I/O size (minimum/optimal): 512 bytes / 512 bytes
Disk identifier: 0x00000000

Device Boot      Start         End      Blocks   Id  System
/dev/sdb1   *           1          32      248832   83  Linux
Partition 1 does not end on cylinder boundary.
/dev/sdb2              32         653     4990977    5  Extended
Partition 2 does not end on cylinder boundary.
/dev/sdb5              32         653     4990976   8e  Linux LVM
root@server1:~#

Next we must change the partition type of our three partitions on /dev/sdb to Linux raid autodetect:

fdisk /dev/sdb

root@server1:~# fdisk /dev/sdb

WARNING: DOS-compatible mode is deprecated. It’s strongly recommended to
switch off the mode (command ‘c’) and change display units to
sectors (command ‘u’).

Command (m for help): <– m
Command action
a   toggle a bootable flag
b   edit bsd disklabel
c   toggle the dos compatibility flag
d   delete a partition
l   list known partition types
m   print this menu
n   add a new partition
o   create a new empty DOS partition table
p   print the partition table
q   quit without saving changes
s   create a new empty Sun disklabel
t   change a partition’s system id
u   change display/entry units
v   verify the partition table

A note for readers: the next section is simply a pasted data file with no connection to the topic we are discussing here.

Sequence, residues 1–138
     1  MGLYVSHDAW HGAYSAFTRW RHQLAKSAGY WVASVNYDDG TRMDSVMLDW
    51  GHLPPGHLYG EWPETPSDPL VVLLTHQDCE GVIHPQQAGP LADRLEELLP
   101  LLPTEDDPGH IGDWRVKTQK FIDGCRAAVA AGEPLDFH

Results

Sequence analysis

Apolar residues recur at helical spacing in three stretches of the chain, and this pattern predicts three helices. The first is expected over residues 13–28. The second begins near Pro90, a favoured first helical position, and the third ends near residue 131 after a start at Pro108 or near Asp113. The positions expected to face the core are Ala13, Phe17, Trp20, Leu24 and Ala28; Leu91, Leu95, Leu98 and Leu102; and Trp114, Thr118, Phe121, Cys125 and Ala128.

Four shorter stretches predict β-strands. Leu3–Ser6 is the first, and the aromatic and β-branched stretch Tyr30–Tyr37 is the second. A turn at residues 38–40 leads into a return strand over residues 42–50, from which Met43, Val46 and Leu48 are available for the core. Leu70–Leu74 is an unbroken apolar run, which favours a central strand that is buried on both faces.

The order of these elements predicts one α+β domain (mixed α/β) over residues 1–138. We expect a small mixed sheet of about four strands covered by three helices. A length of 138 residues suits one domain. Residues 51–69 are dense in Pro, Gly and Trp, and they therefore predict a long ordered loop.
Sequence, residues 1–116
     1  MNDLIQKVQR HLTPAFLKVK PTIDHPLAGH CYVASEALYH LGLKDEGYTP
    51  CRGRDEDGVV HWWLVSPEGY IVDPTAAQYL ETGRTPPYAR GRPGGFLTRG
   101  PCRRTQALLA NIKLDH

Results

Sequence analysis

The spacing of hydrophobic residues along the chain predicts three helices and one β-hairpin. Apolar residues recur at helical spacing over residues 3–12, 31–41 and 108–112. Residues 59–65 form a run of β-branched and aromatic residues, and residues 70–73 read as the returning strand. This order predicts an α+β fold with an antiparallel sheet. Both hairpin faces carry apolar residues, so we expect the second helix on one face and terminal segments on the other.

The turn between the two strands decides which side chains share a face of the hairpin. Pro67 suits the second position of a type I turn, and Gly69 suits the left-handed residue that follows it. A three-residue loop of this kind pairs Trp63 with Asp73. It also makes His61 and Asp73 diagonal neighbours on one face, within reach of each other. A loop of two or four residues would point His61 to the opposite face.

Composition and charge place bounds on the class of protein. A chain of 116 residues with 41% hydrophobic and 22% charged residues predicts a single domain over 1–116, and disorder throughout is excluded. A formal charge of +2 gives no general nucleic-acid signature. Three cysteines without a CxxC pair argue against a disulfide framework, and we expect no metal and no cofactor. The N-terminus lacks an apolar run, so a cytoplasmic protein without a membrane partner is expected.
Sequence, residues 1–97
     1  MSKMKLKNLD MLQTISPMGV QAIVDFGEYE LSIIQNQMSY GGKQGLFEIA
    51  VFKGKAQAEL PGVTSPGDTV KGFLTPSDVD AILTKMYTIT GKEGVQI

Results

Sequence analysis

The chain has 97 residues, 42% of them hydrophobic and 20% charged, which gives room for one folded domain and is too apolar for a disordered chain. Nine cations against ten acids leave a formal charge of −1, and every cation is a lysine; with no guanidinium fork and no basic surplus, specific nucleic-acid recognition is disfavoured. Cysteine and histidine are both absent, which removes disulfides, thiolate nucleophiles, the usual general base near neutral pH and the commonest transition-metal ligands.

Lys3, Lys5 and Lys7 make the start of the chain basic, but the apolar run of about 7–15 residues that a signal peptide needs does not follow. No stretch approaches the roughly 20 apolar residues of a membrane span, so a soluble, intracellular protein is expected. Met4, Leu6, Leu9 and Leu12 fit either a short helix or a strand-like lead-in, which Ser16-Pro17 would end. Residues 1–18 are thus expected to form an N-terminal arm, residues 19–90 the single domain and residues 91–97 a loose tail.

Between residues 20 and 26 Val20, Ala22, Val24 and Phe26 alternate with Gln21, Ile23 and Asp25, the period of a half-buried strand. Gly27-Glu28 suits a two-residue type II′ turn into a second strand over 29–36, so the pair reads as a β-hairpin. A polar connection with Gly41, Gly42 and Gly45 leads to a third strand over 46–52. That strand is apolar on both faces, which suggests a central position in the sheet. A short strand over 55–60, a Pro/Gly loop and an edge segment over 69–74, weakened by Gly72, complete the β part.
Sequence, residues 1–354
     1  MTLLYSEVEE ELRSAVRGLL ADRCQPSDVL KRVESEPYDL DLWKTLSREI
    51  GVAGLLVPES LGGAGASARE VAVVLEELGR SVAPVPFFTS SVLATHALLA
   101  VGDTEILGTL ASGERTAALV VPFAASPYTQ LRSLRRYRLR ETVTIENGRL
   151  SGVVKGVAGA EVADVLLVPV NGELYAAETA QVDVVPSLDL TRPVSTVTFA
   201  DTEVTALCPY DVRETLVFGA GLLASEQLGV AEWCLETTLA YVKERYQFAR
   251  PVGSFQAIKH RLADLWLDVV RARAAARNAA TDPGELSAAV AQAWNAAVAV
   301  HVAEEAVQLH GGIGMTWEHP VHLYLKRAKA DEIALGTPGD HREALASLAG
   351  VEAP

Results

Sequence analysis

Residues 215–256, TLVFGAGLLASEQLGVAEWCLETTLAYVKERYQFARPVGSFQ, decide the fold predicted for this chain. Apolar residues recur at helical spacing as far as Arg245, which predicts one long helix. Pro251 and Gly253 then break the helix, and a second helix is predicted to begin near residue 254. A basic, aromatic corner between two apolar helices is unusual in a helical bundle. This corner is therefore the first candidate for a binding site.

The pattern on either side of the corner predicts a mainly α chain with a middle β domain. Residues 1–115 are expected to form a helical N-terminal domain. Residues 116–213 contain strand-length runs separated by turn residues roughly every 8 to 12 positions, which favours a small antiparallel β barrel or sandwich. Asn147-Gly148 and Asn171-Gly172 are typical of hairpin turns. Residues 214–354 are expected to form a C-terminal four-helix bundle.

w   write table to disk and exit
x   extra functionality (experts only)

Command (m for help): <– t
Partition number (1-5): <– 1
Hex code (type L to list codes): <– L

0  Empty           24  NEC DOS         81  Minix / old Lin bf  Solaris
1  FAT12           39  Plan 9          82  Linux swap / So c1  DRDOS/sec (FAT-
2  XENIX root      3c  PartitionMagic  83  Linux           c4  DRDOS/sec (FAT-
3  XENIX usr       40  Venix 80286     84  OS/2 hidden C:  c6  DRDOS/sec (FAT-
4  FAT16 <32M      41  PPC PReP Boot   85  Linux extended  c7  Syrinx
5  Extended        42  SFS             86  NTFS volume set da  Non-FS data
6  FAT16           4d  QNX4.x          87  NTFS volume set db  CP/M / CTOS / .
7  HPFS/NTFS       4e  QNX4.x 2nd part 88  Linux plaintext de  Dell Utility
8  AIX             4f  QNX4.x 3rd part 8e  Linux LVM       df  BootIt
9  AIX bootable    50  OnTrack DM      93  Amoeba          e1  DOS access
a  OS/2 Boot Manag 51  OnTrack DM6 Aux 94  Amoeba BBT      e3  DOS R/O
b  W95 FAT32       52  CP/M            9f  BSD/OS          e4  SpeedStor
c  W95 FAT32 (LBA) 53  OnTrack DM6 Aux a0  IBM Thinkpad hi eb  BeOS fs
e  W95 FAT16 (LBA) 54  OnTrackDM6      a5  FreeBSD         ee  GPT
f  W95 Ext’d (LBA) 55  EZ-Drive        a6  OpenBSD         ef  EFI (FAT-12/16/
10  OPUS            56  Golden Bow      a7  NeXTSTEP        f0  Linux/PA-RISC b